Monday, January 23, 2012

book review: Falconer by John Cheever


"He wanted to cry and howl. he was among the living dead. There were no words, no living words, to suit this grief, this cleavage. he was primordial man confronted with romantic love. His eyes began to water as the last of the visitors, the last shoe, disappeared."

This is not a particularly easy story to read. The tale of a man who kills his brother, is addicted to drugs and ends up in prison is not perhaps the ideal way to create a scenario and character that will lead to reader's hearts. But you find yourself on the side of Farragut despite all these things.

He describes how and why he became addicted to drugs - fed them during the war and then existence in a society that seems to be drugging the population in some form or other - and you find yourself half agreeing with him. Ironically it's prison that managed to make him clean after expensive clinics and therapists have failed to do the job.

There is also a well developed reveal of the murder with it clear that the relationship between the brothers is a strained one and the murder victim did to a degree ask for some sort of confrontation. That doesn't excuse the killing but it does allow you to side with Farragut when he describes it as exaggerated and an accident.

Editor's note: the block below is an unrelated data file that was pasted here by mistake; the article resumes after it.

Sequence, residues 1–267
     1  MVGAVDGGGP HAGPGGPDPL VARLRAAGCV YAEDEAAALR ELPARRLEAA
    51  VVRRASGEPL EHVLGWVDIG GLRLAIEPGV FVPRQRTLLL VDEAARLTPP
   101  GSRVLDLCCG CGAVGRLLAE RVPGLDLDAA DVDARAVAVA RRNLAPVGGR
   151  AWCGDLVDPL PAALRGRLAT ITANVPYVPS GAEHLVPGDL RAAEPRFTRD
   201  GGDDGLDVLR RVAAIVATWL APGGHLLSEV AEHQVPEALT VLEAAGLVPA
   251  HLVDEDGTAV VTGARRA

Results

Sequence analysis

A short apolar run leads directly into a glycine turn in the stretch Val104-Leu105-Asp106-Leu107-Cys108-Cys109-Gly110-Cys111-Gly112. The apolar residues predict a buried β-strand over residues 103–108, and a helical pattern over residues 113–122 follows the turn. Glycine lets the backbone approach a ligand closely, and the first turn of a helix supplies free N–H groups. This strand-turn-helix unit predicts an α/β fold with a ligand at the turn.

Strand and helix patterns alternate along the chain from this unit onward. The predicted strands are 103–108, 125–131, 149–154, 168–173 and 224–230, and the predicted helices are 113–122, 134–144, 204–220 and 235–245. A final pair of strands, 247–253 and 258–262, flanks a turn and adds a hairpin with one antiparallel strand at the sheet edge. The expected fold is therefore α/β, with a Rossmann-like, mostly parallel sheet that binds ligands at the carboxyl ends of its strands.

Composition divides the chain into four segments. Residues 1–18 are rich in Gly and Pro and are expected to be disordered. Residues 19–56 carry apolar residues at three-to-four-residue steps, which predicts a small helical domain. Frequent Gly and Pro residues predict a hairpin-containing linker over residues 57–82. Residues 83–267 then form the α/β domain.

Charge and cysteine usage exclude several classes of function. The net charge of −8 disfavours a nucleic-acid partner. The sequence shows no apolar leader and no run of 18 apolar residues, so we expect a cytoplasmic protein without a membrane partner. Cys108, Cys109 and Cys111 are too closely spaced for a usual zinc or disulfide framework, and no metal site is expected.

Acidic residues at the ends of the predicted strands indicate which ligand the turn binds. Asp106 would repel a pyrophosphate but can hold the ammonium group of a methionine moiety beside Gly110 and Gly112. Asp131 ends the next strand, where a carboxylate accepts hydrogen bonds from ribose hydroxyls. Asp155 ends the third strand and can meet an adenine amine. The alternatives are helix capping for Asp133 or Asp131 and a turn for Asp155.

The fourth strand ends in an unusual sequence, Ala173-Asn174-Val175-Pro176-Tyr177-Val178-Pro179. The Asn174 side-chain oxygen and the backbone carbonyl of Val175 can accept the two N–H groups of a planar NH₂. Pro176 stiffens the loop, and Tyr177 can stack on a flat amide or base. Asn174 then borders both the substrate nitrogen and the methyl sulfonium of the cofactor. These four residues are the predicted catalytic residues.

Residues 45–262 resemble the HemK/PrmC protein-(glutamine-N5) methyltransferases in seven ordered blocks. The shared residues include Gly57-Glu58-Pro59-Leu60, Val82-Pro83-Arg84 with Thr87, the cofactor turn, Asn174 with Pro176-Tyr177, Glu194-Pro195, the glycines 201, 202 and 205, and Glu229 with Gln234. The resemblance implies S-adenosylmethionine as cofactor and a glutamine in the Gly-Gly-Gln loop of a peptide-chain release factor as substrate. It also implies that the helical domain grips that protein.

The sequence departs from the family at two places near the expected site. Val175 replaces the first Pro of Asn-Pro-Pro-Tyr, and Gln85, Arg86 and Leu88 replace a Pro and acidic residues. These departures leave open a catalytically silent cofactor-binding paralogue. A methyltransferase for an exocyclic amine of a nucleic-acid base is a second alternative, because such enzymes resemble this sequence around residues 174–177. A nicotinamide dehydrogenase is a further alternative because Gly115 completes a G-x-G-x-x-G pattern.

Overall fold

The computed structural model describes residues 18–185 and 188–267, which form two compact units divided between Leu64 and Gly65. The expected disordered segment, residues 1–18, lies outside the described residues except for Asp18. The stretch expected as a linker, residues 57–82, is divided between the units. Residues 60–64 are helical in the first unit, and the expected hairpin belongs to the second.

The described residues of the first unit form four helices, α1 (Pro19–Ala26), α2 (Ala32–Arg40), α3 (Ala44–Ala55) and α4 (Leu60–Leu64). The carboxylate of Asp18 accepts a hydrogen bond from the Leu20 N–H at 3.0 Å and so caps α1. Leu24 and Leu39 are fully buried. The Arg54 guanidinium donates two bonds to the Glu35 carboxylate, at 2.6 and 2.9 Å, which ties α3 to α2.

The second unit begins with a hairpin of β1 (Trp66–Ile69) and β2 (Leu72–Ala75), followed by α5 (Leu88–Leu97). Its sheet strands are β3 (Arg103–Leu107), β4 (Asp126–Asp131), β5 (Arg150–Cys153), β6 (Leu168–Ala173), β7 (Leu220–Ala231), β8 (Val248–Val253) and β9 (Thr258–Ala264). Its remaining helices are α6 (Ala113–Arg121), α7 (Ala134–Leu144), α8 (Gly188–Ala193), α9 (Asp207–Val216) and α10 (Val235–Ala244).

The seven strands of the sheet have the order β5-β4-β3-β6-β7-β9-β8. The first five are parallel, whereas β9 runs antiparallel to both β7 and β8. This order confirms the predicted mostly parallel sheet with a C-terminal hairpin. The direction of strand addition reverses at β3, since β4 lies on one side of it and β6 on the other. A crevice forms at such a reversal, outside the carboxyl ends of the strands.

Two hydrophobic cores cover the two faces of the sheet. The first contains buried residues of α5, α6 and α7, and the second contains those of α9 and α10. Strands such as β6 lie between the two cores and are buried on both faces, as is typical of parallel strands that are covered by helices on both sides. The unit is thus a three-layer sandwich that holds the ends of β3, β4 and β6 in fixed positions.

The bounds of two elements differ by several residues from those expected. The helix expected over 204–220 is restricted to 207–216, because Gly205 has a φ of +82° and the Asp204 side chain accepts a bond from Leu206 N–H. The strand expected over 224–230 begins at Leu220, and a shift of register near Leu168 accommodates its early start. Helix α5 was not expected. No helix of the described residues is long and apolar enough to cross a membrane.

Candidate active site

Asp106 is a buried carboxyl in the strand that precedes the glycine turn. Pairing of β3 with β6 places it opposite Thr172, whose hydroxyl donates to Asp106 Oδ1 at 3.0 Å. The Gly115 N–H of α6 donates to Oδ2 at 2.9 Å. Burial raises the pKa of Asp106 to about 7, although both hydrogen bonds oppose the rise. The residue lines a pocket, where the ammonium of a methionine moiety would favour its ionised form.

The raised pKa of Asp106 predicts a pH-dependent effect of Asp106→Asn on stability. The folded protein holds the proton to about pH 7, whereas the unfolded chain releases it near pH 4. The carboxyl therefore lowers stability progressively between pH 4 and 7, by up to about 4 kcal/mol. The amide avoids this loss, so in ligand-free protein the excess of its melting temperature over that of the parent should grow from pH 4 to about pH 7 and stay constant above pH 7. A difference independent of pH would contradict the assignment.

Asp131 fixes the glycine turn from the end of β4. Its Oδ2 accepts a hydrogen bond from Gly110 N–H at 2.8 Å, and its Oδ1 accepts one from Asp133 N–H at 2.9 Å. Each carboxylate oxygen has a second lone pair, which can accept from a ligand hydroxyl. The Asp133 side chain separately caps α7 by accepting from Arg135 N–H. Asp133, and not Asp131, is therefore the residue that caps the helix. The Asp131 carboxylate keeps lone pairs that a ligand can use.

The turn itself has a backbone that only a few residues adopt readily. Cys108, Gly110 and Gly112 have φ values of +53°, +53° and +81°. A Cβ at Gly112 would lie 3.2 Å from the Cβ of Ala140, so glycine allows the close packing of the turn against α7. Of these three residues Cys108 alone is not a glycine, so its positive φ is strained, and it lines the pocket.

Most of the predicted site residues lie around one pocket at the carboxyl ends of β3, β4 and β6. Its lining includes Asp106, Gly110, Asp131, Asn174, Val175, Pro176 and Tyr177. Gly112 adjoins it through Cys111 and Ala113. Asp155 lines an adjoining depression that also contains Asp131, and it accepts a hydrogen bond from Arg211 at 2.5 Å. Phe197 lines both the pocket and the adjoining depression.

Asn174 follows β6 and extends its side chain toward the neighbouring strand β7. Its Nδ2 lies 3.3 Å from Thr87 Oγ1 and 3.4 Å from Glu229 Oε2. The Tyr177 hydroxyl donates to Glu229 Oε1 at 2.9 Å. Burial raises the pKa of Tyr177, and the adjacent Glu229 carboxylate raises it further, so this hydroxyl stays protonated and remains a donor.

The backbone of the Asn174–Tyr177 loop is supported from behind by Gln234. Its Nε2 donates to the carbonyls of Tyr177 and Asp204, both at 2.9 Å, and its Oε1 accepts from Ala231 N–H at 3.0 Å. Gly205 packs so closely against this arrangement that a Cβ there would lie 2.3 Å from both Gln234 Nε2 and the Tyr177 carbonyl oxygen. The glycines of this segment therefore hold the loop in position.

But that is all in the past and this story starts with the main character entering prison. The vivid description of the prison, the misery of confinement and the struggles to cope with the routine are all written brilliantly. As Farragut slips into a battle to keep his sanity and finds love in the arms of a prisoner who manages to escape the future looks bleak. His wife displays little chance of providing love and most of those prisoners and guards around him are struggling with their own emotional problems.

A riot at another prison ushers in a period of tension that provides Farragut with a chance to place himself in the heart of the community in F wing. He spends most of his time wandering through the memories of the past. Perhaps it is that process which encourages the sort of introspection that can lead to a life being turned around. Just as he breaks his dependence on drugs and methadone it is a more profound break with himself that prison provides.

Sure this is dark, sometimes brutal in its description of the world of the incarcerated and it has the power to shock. But what I will remember is the power of the writing, being taken on a journey that delivered from start to finish and an introduction to a writer I intend to read much more of.

2 comments:

stujallen said...

this is a guy I want to try at some point simon ,great review and well suit for a trip to us ,all the best stu

John Hahae said...


Manuel Neuer

Very good love it!